One of them will succeed the DPP's Chen Shui-bian whose popularity has slumped after eight years in power, amid allegations of high-level corruption and Taiwan's lacklustre economic performance.

 

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US ships deploy ahead of vote

Focus
Taiwan's identity crisis

Opposition to Chen was the driving force behind a KMT sweep of legislative elections held in January.

 

As a result Ma, who advocates closer ties with China as a way of reigniting Taiwan's economy, is widely considered the favourite to win backing from the island's 17 million voters.

 

Al Jazeera correspondent Hamish MacDonald, reporting from in Taipei, says Ma's pro-China platform has generated strong appeal in the business community, buoyed by the promise of greater access to the Chinese market.

 

The KMT candidate has also said he wants to negotiate a peace treaty with Beijing, but has promised not to discuss political union - as China wants - during his presidency.

 

Taiwan candidates

Frank Hsieh

 

Candidate for ruling Democratic Progressive Party (DPP)

 

Propelled into politics after working as a defence lawyer for political dissidents in 1980

 

Focused campaign on environmental issues, the poor and Taiwan's identity

 

Has backed cautious opening of Taiwan-China economic links and hopes eventually to accelerate moves to make Taiwan a country distinct from China

 

Ma Ying-jeou

 

Candidate for nationalist Kuomintang (KMT) party

 

Unseated Chen Shui-bian, the current president, as mayor of Taipei in 1998

 

Focused campaign on reviving Taiwan's economy by introducing common market with mainland China

 

Has advocated improving relations with China, signing a peace treaty and halting Taiwan's push for independence

For weeks Ma has commanded a double digit lead in opinion polls.

 

But our correspondent says recent days have seen the DPP's Hsieh narrowing the gap, winning over swing voters with a message that a vote for Ma would make Taiwan "a second Tibet".

 

On Friday newspaper adverts posted by the Hsieh campaign urged voters to "protect Taiwan" saying the island's election posed "a choice between a democratic Taiwan and Communist China".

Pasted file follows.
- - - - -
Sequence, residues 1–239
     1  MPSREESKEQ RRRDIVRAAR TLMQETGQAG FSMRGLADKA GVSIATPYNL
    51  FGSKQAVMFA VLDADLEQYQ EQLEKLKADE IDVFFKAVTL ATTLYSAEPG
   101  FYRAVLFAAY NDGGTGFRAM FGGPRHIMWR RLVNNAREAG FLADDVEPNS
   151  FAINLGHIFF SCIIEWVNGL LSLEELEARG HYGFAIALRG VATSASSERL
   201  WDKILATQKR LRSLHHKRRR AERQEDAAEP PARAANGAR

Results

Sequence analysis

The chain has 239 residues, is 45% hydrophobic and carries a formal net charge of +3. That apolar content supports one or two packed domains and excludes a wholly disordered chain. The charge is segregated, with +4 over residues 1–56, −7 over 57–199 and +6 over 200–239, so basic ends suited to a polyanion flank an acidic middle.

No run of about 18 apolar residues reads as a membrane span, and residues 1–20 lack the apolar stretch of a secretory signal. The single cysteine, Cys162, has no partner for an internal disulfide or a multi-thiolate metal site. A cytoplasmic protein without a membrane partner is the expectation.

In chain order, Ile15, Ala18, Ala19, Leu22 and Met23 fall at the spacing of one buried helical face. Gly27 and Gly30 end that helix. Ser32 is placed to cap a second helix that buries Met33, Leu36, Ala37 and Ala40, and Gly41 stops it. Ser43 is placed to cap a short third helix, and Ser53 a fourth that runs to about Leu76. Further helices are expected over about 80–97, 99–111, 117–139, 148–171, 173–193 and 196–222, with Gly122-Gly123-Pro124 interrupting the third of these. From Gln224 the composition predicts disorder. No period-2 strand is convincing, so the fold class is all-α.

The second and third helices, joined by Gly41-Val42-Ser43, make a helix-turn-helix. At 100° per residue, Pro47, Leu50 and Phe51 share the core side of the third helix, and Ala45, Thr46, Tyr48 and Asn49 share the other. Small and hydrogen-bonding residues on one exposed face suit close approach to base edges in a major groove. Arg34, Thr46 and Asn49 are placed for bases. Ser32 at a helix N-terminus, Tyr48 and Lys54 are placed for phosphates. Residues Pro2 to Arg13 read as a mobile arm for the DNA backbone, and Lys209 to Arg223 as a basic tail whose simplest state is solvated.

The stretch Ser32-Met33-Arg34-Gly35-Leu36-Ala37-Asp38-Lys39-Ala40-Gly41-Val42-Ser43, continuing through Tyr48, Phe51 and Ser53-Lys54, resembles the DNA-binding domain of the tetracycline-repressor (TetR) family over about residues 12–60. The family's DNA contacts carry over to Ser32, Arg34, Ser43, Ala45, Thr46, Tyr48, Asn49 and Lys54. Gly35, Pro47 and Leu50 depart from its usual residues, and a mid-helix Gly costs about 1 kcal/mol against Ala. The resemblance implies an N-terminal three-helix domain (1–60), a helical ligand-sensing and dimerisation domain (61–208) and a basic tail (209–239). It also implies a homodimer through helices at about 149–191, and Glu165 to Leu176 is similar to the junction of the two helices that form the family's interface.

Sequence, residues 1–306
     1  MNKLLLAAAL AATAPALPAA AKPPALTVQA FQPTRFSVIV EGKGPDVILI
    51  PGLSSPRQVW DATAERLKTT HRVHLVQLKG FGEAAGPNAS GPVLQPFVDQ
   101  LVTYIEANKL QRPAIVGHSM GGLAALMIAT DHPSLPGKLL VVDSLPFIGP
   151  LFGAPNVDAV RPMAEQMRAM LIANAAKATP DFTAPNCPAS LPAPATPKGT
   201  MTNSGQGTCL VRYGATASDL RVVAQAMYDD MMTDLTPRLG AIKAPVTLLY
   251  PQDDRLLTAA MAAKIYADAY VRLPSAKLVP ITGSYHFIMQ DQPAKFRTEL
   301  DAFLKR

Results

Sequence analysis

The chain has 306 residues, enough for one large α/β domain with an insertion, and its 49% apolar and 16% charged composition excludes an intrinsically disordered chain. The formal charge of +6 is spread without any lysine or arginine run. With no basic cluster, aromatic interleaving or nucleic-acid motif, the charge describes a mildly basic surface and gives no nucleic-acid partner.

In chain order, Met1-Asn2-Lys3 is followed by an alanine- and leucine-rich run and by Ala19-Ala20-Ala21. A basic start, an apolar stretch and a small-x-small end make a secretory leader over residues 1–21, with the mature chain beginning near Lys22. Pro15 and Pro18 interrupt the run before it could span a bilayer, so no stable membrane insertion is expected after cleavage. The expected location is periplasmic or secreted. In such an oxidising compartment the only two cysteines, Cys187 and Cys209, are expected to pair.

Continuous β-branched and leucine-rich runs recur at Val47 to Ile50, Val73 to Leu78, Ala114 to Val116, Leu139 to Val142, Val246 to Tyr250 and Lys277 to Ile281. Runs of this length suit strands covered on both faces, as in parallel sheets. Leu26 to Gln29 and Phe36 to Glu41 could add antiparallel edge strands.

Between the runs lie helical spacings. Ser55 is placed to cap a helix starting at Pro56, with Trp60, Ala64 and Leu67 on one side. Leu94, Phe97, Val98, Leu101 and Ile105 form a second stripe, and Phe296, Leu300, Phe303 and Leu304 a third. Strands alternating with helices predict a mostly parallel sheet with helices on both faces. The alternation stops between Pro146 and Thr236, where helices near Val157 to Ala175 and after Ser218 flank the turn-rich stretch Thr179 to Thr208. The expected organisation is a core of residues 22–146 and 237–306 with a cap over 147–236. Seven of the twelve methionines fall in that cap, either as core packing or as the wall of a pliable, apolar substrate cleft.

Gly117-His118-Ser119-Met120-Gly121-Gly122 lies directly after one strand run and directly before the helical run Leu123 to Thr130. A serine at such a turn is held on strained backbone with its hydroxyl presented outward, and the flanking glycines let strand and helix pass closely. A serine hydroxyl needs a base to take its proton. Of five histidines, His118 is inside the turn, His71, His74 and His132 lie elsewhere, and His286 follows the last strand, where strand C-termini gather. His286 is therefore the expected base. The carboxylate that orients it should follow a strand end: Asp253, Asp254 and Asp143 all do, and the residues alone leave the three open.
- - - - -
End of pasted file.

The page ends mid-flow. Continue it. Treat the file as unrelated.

Taiwan split from mainland China in 1949 following the communist victory in the civil war, and Beijing regards the self-ruled island as a "renegade province", threatening to use force to prevent Taiwan declaring formal independence.

 

Ma himself has fought back against Hsieh's challenge, rejecting claims that he is soft on China and taking a tough line against the crackdown in Tibet.

 

Earlier this week Ma was first to suggest a boycott of the Beijing Olympics if violence in Tibet continued, but he has disputed his rival's suggestions that China's actions in Tibet could be repeated against Taiwan.

 

Aside from selecting a new president in Saturday's election, voters will also be offered a referendum on whether to seek UN membership.

 

The Hsieh campaign is using the unrest
in Tibet to rally support [AFP]
The initiative, which asks whether Taiwan should seek to join the global body as "Taiwan" instead of its legal name, the Republic of China, has sparked statements of protest from China which sees the move as a further move towards independence.

 

Japan, Russia, France and the US have also criticised the referendum as unnecessarily provocative.

 

In a sign how sensitive the poll is, two US aircraft carriers have been deployed to an unspecified area near Taiwan during the election for what US defence officials say are training exercises.

 

In 1996, during Taiwan's first democratic presidential election, China fired a series of missiles into the Taiwan Strait in a sabre-rattling gesture seen as trying to intimidate voters.